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What is a thought record and how do I do one?

Roamers Therapy | September 2023

You may have heard your therapist or someone else use the term “thought record” before. Perhaps you’ve even done one yourself without even realizing! A thought record is an essential element to the beginning processes of cognitive behavioral therapy. To put it simply, a thought record helps you to build the relationship between your thoughts, feelings, and behavior. Oftentimes, a thought record will be used to help you begin to challenge your irrational or distorted automatic thoughts. It also allows you to bring an awareness to your thoughts in order to learn more about yourself and how your mind responds to situations. 

How do I do a thought record?

First, create yourself a chart with four columns labeled Situation, Thoughts, Emotions, and Behaviors. This chart can act as a daily log for you to practice recording your automatic thoughts. 

Situation: Identify what was going on for you. What is the context? 

Example: You studied many hours for an exam and didn’t get the grade you were 

     hoping for on it.

Thoughts: Identify your automatic thoughts. What immediately ran through your mind? 

Example: “I’m such a bad student. I’m so stupid. I’m going to fail.”

Emotions: Identify what you were feeling in this moment. What was the intensity of this 

      feeling? (on a scale of 1-10)

Example: Inferior, upset, depressed, worthless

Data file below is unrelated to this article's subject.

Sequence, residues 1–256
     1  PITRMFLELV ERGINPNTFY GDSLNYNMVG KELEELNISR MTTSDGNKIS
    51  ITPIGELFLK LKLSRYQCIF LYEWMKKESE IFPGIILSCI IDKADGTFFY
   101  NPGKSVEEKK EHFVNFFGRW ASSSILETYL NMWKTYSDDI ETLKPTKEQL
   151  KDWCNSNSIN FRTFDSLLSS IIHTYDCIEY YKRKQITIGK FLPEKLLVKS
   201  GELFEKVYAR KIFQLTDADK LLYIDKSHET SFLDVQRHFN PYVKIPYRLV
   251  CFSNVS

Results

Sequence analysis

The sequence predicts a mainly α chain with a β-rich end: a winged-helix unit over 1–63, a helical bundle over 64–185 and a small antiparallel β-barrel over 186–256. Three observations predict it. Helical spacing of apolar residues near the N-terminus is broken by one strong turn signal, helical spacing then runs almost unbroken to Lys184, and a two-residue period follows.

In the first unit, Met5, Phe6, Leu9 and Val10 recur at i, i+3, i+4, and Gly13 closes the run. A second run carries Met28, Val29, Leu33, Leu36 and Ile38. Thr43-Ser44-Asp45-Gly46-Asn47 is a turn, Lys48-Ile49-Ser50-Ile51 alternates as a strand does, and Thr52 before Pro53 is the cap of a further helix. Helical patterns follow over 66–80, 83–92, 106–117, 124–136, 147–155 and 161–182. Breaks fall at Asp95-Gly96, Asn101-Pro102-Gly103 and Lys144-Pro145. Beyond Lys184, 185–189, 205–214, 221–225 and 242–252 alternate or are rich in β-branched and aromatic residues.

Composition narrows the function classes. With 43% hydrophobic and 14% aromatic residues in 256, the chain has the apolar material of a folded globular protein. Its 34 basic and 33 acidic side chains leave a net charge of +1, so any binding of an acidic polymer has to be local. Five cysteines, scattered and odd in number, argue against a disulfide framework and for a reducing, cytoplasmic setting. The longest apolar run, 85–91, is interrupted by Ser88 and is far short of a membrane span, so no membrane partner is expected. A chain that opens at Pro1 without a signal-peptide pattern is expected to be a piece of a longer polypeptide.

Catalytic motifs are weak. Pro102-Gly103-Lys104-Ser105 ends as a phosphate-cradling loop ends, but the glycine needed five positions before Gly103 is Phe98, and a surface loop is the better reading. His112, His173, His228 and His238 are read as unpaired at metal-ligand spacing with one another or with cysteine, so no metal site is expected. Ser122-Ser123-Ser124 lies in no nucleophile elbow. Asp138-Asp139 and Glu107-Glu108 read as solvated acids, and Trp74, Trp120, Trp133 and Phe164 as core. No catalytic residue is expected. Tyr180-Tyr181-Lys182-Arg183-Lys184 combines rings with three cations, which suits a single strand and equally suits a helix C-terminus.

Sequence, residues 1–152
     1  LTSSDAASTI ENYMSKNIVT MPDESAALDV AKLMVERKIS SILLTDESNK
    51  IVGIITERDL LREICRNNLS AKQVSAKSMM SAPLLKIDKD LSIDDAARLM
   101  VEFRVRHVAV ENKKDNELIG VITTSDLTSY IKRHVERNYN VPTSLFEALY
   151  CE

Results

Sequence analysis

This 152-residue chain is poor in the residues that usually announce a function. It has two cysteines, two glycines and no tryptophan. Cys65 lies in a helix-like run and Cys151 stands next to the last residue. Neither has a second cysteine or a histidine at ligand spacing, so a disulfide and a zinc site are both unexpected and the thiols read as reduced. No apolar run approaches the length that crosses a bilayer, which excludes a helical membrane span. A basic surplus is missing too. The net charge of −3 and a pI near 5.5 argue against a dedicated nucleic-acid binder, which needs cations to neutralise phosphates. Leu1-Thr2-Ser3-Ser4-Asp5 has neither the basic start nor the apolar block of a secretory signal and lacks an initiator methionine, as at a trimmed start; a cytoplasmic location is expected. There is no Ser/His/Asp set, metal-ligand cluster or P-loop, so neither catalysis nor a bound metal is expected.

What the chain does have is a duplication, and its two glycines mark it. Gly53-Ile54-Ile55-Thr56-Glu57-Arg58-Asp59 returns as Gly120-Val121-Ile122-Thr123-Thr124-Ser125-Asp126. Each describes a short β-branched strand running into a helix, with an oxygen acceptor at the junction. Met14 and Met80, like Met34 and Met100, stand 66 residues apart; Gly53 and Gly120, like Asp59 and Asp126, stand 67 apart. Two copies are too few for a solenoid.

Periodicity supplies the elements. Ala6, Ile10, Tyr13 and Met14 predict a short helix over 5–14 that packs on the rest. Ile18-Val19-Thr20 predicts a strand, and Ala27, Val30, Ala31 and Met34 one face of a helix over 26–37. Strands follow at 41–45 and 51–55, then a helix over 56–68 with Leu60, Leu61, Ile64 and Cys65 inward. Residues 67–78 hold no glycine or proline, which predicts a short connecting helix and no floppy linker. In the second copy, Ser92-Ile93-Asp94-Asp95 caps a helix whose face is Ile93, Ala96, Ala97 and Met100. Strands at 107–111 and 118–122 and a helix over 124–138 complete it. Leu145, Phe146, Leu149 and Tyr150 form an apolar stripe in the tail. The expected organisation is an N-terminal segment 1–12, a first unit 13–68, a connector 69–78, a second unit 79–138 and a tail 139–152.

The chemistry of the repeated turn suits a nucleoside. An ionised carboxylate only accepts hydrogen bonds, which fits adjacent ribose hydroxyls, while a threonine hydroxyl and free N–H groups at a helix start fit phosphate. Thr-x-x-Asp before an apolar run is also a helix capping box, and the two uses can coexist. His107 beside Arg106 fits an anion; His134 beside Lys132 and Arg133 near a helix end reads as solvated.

Behavior: Identify your behavioral response. What did you do? 

Example: You start to think negatively of yourself and don’t change your study habits or 

    seek help on the next exam. You might believe it won’t matter and you will just 

   fail again. 

As you continue to log your automatic thoughts, feelings, and behavior, you might start to see what situations are especially triggering for you or begin to identify patterns in your automatic thoughts. It is so easy to think and feel without realizing its impact on your behavior. This exercise will help you develop an increased awareness of how intertwined your thoughts, emotions, and behavior really are. The next step in this exercise will be to start replacing your automatic thoughts with an alternative thought. This means you will practice reframing your automatic thoughts to challenge yourself to think differently in the situations that trigger negative automatic thoughts. 

Thought records serve as a helpful tool to begin training your mind to recognize this connection between your thoughts, feelings, and behavior. It is an exercise you can start practicing on your own. Then, you can talk to your therapist about what it was like for you, what you noticed, and reflect together.

While our physical offices are located in South Loop and Lakeview neighborhoods in Chicago, Illinois for in-person sessions, we also welcome and serve clients for online therapy from anywhere in Illinois and Washington, D.C. Clients from the Chicagoland area may choose in-office or online therapy and usually commute from surrounding areas such as River North, West Loop, Gold Coast, Old Town, Lincoln Park, Lake View, Rogers Park, Logan Square, Pilsen, Bridgeport, Little Village, Bronzeville, South Shore, Hyde Park, Back of the Yards, Wicker Park, Bucktown and many more.